Parents continued to voice their opposition at last Thursday’s school board meeting to the district’s plan to implement the cloud-based data storage system called inBloom.
“I’m doing my own research, and I’m looking for the list of data that Jeffco will be collecting, and I can’t find it,” said Jeffco parent Rachel Swalley. “I would like to know what (data) would be stored.”
A Jeffco teacher can use up to 14 programs in a single day, and those programs include a variety of student data. InBloom would centralize all of Jeffco’s student data in the cloud storage system; that data can include anything from a student’s grades to test scores and disciplinary history.
InBloom’s opponents worry that sensitive information in a centralized location would be susceptible to hackers and made available to third-party vendors.
The school district was approached to test the technology in 2011 and agreed in February 2012 to pilot inBloom. The school board did not have to give approval because no money is being spent during the pilot. Also, no actual student data will be used during the test.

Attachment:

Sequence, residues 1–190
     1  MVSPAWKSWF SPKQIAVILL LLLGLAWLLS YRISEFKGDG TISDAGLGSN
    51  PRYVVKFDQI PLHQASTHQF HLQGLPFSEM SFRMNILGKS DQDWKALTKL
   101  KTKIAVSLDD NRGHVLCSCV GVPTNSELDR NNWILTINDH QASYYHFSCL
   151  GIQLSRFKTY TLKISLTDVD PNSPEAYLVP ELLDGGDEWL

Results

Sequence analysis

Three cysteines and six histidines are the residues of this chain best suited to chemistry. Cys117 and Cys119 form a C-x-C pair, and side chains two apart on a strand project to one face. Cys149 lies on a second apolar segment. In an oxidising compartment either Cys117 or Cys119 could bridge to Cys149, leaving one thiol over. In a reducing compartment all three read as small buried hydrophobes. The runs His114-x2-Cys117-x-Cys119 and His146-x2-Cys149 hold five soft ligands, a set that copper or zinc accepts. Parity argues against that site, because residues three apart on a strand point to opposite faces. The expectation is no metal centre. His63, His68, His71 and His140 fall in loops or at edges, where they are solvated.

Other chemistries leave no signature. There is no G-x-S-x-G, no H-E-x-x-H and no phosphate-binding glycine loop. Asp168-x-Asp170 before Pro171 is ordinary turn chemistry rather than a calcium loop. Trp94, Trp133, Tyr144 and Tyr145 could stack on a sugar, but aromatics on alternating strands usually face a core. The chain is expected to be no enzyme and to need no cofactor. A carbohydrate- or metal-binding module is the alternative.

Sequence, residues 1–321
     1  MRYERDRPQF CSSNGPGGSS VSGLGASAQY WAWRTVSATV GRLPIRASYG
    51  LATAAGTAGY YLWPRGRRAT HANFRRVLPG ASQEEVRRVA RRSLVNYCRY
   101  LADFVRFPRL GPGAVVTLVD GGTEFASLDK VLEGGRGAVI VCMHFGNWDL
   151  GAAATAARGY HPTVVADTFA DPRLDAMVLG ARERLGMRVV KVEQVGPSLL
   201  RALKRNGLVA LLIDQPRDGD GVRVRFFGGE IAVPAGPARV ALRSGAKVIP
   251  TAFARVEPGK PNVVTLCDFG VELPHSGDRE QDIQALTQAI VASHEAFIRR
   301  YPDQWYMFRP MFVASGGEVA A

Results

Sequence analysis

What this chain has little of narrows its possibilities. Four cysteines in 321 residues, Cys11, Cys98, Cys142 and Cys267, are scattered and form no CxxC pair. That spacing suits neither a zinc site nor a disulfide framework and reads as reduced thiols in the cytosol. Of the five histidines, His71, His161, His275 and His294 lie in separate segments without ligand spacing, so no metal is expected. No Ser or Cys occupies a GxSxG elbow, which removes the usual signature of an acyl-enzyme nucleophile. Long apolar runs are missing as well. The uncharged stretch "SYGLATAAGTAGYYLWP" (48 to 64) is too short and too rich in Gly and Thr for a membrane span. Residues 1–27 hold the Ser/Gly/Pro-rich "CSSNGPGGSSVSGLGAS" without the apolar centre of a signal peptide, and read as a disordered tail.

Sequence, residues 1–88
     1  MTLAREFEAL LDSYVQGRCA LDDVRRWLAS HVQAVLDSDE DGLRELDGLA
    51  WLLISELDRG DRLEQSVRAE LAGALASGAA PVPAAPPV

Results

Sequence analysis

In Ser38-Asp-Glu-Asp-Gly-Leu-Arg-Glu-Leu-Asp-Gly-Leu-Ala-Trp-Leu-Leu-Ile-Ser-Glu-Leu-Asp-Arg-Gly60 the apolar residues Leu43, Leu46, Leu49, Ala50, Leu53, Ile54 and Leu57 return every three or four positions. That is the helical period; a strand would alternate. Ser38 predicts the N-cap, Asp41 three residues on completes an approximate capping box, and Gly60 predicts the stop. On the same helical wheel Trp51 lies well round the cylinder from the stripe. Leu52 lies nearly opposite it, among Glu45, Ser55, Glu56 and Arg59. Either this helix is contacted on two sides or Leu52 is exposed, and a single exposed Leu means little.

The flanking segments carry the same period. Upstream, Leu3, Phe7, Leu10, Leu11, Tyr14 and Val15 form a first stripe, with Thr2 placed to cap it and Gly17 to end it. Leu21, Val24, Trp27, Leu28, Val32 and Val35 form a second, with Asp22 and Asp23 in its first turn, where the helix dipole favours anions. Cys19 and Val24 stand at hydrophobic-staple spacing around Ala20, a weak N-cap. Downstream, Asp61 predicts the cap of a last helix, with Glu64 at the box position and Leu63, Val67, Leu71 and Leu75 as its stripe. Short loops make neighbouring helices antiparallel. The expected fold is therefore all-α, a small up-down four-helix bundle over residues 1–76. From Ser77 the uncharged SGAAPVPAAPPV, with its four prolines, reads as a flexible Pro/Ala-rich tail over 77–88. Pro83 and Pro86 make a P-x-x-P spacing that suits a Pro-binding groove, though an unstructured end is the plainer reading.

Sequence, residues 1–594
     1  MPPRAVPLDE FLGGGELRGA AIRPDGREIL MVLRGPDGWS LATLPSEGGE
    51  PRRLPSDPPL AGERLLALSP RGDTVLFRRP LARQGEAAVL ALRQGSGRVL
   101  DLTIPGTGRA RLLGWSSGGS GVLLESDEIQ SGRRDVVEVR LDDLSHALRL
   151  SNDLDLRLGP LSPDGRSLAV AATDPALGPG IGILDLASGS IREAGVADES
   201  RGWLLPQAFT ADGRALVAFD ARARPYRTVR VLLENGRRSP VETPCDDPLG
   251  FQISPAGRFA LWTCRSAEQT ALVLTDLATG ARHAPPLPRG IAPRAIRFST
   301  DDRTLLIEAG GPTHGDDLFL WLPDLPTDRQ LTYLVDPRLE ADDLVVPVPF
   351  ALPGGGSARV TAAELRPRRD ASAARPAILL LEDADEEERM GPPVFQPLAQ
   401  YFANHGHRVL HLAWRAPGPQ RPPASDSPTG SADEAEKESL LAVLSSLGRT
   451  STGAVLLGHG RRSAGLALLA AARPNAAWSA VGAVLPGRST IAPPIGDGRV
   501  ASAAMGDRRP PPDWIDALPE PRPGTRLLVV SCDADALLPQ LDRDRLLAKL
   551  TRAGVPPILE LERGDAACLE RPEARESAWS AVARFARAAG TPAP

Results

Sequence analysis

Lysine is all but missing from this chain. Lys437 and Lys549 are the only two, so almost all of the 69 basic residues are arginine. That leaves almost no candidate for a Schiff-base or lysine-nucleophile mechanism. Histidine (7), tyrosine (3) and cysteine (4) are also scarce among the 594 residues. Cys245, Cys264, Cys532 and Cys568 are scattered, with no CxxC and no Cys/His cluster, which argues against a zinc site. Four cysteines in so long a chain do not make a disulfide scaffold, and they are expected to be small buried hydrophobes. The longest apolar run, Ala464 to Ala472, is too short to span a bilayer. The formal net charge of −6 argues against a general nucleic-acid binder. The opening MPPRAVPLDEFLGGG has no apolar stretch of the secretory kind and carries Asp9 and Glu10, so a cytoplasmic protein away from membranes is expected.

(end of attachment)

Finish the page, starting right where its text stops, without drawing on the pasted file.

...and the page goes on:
At the end of the pilot phase, the Board of Education would have to approve the use of inBloom, which would cost the district between $2 and $5 per student per year, or $172,000 to $430,000 per year.
Parents seek answers
Parents asked how inBloom would be compliant with FERPA, or the Family Educational Rights and Privacy Act of 1974, which prohibits disclosure of educational records.
Jeffco parent Jennifer Butts asked the board multiple questions: How much research has been done on inBloom? How much time was spent looking at alternative data storage solutions? What are the hidden costs?
Another Jeffco parent questioned why parents were “late” to the conversation.
“I don’t feel parents were kept in the loop about this,” she said. “A second, big concern of mine is that there’s no way to opt out (of inBloom).”
Public comment during a school board meeting is not a dialogue with the board, but rather a chance for residents to voice opinions. The board acknowledged and thanked each parent who voiced concerns.
Board President Lesley Dahlkemper said the board would set aside two hours for discussion at the next meeting, on Aug. 22.
Greg Mortimer, Jeffco schools’ chief information officer, said the district isn’t using inBloom now and has not decided on a date to begin. He stressed that the district is not paying for services now, no data are currently stored with inBloom, and students’ Social Security numbers would never be stored.
Jeffco joins school districts in New York, Massachusetts, North Carolina and Illinois that are piloting inBloom.
The Jeffco Board of Education’s next meeting is at 5 p.m. Aug. 22 in the board room of the Education Services Center, 1829 Denver West Drive in Golden.
For more information, visit www.jeffcopublicschools.org.